Monday, June 1, 2009
Wild Horses Couldn't Drag Me Away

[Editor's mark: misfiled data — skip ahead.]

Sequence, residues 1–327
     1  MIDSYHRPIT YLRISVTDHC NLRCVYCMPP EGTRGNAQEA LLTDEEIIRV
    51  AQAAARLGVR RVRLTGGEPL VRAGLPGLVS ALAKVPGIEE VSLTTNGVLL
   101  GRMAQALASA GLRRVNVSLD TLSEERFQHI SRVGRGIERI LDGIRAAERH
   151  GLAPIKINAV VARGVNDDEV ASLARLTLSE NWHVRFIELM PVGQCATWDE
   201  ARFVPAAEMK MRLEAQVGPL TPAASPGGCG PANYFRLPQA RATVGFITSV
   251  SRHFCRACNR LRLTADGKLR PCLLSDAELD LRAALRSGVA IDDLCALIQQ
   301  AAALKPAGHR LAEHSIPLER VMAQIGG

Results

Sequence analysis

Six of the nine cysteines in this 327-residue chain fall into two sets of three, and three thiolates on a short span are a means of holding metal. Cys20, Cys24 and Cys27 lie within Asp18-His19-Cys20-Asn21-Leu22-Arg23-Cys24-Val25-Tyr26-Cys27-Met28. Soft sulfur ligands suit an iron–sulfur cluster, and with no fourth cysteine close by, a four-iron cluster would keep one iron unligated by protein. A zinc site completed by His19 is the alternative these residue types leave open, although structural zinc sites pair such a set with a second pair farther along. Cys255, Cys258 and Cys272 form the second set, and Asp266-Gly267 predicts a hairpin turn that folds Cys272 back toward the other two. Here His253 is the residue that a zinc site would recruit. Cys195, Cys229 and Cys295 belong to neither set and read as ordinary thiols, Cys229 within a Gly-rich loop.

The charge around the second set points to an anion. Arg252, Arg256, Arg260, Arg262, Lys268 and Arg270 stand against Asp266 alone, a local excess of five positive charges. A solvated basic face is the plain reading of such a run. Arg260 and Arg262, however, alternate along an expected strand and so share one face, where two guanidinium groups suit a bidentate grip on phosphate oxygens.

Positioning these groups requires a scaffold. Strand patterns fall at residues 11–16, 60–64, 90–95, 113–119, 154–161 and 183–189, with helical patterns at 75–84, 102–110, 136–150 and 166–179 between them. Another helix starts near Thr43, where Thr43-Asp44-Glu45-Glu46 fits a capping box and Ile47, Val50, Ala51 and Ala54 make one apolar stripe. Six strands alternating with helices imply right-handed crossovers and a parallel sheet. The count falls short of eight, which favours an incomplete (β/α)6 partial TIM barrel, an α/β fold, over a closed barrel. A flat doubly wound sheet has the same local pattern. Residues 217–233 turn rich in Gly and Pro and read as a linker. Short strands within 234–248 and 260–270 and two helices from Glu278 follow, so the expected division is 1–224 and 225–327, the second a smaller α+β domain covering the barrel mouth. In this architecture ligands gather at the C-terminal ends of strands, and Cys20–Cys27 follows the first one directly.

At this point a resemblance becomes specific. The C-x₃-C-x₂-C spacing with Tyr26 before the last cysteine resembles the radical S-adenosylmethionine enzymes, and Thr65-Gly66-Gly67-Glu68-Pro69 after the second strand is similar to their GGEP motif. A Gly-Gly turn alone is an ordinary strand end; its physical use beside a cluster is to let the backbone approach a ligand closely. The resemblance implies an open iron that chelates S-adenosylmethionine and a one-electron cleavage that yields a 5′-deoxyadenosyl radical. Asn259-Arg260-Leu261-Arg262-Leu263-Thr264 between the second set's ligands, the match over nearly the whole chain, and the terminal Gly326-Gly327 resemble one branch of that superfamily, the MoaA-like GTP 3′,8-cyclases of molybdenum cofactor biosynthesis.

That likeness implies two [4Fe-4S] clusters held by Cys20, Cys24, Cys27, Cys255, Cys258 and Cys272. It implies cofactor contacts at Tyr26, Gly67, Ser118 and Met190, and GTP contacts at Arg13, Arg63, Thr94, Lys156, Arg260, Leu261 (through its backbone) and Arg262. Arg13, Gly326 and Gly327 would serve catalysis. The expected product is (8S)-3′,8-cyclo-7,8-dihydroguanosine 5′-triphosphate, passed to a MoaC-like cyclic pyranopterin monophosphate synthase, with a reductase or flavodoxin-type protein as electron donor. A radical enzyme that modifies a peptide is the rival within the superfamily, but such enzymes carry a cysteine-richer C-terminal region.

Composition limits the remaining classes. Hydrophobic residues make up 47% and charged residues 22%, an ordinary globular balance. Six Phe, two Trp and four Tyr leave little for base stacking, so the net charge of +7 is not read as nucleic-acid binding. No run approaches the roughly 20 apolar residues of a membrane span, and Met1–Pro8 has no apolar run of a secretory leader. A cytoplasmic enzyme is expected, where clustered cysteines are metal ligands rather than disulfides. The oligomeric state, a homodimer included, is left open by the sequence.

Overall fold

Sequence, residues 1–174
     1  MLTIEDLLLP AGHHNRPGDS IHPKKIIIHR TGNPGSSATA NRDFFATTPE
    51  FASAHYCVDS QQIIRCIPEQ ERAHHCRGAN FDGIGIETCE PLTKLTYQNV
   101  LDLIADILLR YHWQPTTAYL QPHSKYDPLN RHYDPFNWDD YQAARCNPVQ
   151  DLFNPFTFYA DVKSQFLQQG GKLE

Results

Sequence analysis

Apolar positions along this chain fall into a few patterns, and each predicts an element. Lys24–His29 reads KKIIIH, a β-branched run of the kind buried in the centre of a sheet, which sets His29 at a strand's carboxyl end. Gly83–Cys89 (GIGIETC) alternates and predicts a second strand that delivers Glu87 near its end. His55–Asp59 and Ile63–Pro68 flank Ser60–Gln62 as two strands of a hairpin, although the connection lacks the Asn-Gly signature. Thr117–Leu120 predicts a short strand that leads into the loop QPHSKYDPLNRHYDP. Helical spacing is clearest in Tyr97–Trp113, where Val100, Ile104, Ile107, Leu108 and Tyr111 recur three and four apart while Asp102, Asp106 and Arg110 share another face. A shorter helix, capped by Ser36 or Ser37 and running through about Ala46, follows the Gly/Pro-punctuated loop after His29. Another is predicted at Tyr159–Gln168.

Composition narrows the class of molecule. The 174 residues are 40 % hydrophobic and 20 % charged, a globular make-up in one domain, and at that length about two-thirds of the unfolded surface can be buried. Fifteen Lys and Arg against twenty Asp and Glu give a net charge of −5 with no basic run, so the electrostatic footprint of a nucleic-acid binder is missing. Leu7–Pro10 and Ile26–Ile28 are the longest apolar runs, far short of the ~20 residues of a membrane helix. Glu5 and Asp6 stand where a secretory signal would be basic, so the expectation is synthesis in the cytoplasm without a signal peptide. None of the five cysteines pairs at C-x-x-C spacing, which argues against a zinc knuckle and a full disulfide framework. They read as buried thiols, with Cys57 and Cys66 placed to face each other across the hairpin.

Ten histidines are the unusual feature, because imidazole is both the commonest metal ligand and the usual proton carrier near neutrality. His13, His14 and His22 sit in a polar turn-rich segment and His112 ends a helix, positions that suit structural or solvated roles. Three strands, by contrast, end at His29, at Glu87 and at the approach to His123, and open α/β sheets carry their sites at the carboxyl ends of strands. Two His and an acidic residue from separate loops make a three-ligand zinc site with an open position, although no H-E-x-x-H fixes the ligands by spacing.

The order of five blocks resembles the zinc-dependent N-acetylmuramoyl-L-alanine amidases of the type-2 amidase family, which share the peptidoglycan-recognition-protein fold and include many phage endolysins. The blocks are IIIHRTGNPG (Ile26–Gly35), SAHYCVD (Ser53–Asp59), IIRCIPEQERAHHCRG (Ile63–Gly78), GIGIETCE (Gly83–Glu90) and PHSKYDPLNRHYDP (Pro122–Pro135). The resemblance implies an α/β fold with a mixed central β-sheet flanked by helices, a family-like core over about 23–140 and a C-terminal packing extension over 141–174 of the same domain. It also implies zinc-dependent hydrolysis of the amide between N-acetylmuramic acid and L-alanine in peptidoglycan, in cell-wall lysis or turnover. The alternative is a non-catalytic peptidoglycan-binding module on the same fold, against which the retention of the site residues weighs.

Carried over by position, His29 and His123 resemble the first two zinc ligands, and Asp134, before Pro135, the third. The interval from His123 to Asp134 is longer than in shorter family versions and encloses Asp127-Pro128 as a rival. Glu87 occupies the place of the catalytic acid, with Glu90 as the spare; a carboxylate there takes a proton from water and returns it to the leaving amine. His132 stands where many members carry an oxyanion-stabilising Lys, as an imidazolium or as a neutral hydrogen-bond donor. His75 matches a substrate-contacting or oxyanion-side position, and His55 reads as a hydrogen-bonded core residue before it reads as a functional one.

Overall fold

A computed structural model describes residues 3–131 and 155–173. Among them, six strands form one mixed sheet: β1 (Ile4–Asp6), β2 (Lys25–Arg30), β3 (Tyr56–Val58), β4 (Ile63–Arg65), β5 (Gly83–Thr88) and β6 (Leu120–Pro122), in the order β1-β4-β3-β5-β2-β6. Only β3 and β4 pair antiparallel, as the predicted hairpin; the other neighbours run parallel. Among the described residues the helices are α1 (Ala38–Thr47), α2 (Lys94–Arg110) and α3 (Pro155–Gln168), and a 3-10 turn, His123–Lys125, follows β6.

I cried when Charlotte died. I shuddered with fear as Peter Rabbit ran for his life. I ached to drive the bus with Pigeon. I looked for a home of my own with Lyle, Lyle Crocodile. But no matter how hard I tried, I could not connect to Smokey, the main character in Smokey, the Cow Horse, the 1927 Newbery Medal winner. Written by Will James, it is the epic tale of Smokey, a wild horse who is tamed by cowboy named Clint. Through a series of unfortunate events, Smokey is separated from Clint and is transformed into “The Cougar,” a real mean piece of work this side of the Mississippi, a horse no man can handle – until the miraculous reappearance of Clint. What is set up as a riveting horse story ends up becoming 200+ pages of episodic ennui. While James masterfully describes lush settings, beautiful creatures, and uses cowboy slang like a real son of a gun, he is unable to capture the reader’s attention long enough to make us actually care about Smokey’s fate. It feels more like a documentary than a fictional narrative without the melodic voice of Morgan Freeman. Unlike most Animal Stories, Smokey does not have a voice or personality and thus, it is difficult to connect to his suffering or joy. I really tried to like Smokey, honest. One of my best friends is obsessed with horses and their rugged beauty and I wanted to understand her fascination with these noble beasts. But after reading Smokey, I don’t reckon that I can learn appreciation of horses without actually setting my eyes on them. It seems to me that people in the 20s must have had more experience with horses and could truly connect to the experiences that James describes. However, for city slickers like me, the closest I get to wild horses is watching the Discovery Channel. Pass the remote, please.